The marginal cost of capital (MCC) is a concept used in financial management for capital budgeting purposes. Actually, it is the weighted average cost of the last $1 of new capital raised.
Companies can raise new capital from:
- retained earnings
- issuing new stock
- issuing new debt
Retained earnings are the only source of financing to maintain the target capital structure without issuing new stock. Therefore, the marginal cost of capital remains the same if new capital is raised. The drawback of this financing source is that the amount of new capital is limited by the amount of retained earnings.
Issuing new stock causes the dilution of earnings per share (EPS). In other words, net profit is distributed among more shareholders, so earnings per share is lower. As a consequence, the stock price will decline, and investors will accept a higher required rate of return. Thus, the marginal cost of capital raised by the issue of new stock is getting higher as the amount of stock outstanding grows.
Issuing new debt usually has a negative effect on a company’s creditworthiness. As a result, lenders will compensate for increasing credit risk by raising interest rates. Thus, the marginal cost of debt will increase as the proportion of debt in total capital grows.
The marginal cost of capital tends to increase as the amount of new capital grows. This relationship is illustrated in the graph below.
As mentioned above, the weighted marginal cost of capital is the weighted cost of new capital raised. The formula used to calculate it is as follows:
WMCC = wd×rd×(1-T) + wps×rps + wcs×rcs + wre×rre
where rd is the pretax cost of new debt; T is a marginal tax rate; rps is the cost of new preferred stock; rcs is the cost of new common stock; rre is the cost of retained earnings; wd, wps, wcs, and wre represent the proportion of debt, preferred stock, common stock, and retained earnings in the new capital structure.
Marginal cost of capital vs. WACC
Do not be confused by the weighted average cost of capital (WACC) and the marginal cost of capital! WACC refers to the cost of a company’s total capital or, less commonly, to the cost of capital for a given project. In turn, MCC refers to the average cost of the last portion of capital raised.
Retained earnings breakpoint
If management of a company maintains the target capital structure, the maximum amount of new capital that can be raised without issuing new stock is limited by the amount of retained earnings. This amount is called the retained earnings breakpoint and can be calculated as follows:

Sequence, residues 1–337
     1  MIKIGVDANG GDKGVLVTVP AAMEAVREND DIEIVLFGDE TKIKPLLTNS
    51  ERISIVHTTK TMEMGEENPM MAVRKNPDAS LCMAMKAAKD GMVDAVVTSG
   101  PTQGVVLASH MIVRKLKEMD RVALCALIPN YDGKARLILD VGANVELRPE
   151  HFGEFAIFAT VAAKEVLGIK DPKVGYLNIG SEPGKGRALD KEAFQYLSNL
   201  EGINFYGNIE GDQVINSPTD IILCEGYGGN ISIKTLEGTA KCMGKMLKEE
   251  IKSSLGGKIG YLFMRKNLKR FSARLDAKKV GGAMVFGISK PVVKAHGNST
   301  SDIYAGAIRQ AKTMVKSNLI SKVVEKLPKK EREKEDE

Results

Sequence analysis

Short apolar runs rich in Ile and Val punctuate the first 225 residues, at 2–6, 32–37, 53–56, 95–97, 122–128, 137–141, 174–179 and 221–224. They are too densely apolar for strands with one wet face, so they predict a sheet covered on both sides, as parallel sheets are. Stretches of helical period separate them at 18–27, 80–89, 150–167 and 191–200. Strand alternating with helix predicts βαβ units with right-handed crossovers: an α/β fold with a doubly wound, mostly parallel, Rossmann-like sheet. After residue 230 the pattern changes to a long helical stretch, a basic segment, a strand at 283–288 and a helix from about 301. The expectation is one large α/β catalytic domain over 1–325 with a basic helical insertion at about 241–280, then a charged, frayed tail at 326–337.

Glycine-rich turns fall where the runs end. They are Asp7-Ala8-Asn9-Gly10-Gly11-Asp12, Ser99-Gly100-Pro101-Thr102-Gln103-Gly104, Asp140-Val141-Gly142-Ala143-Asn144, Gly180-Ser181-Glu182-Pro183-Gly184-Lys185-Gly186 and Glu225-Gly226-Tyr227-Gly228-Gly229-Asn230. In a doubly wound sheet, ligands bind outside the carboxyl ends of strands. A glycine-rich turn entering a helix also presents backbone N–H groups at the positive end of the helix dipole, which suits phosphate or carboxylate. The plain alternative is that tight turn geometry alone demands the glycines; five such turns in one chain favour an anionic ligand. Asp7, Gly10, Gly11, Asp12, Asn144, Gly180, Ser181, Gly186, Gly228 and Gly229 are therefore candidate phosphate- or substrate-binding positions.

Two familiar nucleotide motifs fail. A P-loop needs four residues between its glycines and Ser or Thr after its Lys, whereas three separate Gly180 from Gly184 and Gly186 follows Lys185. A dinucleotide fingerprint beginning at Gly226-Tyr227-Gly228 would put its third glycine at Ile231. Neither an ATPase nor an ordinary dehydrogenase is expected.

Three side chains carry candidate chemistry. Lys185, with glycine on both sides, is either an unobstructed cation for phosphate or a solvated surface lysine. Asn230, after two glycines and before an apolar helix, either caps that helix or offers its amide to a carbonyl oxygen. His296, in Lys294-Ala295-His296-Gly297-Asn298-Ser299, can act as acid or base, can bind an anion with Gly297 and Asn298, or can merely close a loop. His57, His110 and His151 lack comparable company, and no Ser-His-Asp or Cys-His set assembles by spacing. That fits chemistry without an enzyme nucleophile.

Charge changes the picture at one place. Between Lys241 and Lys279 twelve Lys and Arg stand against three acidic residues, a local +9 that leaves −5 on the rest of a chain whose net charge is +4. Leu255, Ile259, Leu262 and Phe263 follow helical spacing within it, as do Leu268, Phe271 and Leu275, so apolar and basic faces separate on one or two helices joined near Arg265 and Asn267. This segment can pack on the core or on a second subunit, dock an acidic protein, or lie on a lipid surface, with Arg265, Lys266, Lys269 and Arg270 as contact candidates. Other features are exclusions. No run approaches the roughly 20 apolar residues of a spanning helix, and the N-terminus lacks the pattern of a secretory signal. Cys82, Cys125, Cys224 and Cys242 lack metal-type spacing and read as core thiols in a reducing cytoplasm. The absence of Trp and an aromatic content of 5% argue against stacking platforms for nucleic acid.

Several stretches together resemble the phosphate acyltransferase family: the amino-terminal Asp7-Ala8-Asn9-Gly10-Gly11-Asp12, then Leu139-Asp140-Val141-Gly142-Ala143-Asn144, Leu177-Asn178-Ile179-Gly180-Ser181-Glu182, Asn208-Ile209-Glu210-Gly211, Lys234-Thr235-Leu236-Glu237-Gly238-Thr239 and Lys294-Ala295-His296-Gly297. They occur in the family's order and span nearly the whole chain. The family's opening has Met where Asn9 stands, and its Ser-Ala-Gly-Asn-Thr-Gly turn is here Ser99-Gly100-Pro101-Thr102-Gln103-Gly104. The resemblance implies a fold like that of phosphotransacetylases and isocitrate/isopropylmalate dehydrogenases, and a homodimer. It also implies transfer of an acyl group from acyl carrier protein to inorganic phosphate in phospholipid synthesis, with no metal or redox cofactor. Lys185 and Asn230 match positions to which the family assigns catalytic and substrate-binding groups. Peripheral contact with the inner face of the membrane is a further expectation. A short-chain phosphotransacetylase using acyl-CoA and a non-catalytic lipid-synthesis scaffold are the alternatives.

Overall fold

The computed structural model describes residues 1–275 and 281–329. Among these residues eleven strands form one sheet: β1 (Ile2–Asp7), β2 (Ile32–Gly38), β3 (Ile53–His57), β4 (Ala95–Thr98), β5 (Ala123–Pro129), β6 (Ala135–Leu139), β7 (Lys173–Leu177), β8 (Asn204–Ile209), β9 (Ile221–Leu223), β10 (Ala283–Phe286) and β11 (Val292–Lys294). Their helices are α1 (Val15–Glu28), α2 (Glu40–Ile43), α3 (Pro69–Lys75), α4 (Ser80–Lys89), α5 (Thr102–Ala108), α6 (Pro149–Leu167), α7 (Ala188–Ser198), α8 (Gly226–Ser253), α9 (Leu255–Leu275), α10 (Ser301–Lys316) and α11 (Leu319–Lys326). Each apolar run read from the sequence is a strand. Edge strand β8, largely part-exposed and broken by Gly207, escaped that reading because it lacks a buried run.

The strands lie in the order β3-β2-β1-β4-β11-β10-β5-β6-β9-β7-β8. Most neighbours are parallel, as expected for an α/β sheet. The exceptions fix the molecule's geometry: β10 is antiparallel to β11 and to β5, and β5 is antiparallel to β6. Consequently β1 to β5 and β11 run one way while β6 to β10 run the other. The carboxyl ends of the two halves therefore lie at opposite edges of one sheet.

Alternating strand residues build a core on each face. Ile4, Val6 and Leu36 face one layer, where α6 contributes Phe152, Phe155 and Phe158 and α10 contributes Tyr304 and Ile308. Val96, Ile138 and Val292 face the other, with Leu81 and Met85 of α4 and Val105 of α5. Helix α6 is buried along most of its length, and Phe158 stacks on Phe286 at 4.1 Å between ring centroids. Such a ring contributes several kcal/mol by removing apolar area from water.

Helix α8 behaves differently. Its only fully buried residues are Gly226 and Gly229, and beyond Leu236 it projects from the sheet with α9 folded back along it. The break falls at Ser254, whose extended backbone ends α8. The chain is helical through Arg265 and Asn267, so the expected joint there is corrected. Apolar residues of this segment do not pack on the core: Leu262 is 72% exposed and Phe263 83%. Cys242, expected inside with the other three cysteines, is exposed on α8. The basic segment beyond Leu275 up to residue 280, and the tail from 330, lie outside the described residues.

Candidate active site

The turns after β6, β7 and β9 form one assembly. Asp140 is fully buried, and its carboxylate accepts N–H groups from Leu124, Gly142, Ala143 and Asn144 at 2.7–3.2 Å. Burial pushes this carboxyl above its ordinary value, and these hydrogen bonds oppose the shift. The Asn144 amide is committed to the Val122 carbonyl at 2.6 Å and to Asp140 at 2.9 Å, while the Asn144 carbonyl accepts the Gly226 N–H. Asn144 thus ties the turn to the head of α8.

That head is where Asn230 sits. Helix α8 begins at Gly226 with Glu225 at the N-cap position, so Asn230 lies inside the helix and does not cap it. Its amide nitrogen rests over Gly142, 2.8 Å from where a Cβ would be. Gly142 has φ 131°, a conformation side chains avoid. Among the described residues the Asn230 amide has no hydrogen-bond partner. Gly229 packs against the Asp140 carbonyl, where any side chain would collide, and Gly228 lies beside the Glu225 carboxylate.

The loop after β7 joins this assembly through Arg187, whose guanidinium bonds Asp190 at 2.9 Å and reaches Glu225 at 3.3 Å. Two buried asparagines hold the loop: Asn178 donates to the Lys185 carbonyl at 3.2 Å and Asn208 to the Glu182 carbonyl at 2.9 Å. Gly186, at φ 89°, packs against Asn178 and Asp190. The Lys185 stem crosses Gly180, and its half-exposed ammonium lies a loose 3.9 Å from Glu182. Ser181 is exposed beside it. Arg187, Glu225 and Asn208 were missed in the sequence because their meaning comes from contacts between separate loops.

Retained Earnings Breakpoint = RE ÷ we
where RE is the amount of retained earnings in a given accounting period, and we is the proportion of equity in the target capital structure.
If the amount of new capital is lower or equal to the retained earnings breakpoint, the marginal cost of capital will not increase.
Investment opportunity schedule and optimal capital budget
The concept of marginal cost of capital is a very important issue when the capital budget of a company is being prepared. Management of a company has to consider an investment opportunity schedule (IOC) to determine the need for additional capital. The investment opportunity schedule is a graph where investment projects are ordered from the highest internal rate of return (IRR) to the lowest. An example is shown in the figure below.
As the main objective of a company’s management is to maximize shareholder value, projects with a positive net present value (NPV) should be accepted. In other words, if the IRR of a given project is higher than the cost of invested capital, it will have a positive NPV and should be accepted.
We should combine the marginal cost of capital and the internal rate of return curves in one plot to determine the optimal capital budget.
The intersection of the MCC and IRR curves is a breakpoint, where the NPV of a project equals zero. The projects should be rejected because their IRR is lower than the marginal cost of capital. The projection from the intersection point on the x-axis is in a dollar amount of the optimal capital budget. If this project is fulfilled, shareholder value will be maximized.
A company is considering a project with an initial cost of $15,000,000 and an expected internal rate of return of 11.5%. The amount of retained earnings in the last financial quarter is $3,000,000 at a cost of 15.7%. A bank has offered a $12,000,000 loan at a 9.5% interest rate. The corporate tax rate is 25%.
The management of a company should accept a project if the internal rate of return is higher than the cost of invested capital. Let’s calculate the weighted marginal cost of capital.
Since the cost of capital is lower than the IRR, the company should accept the project.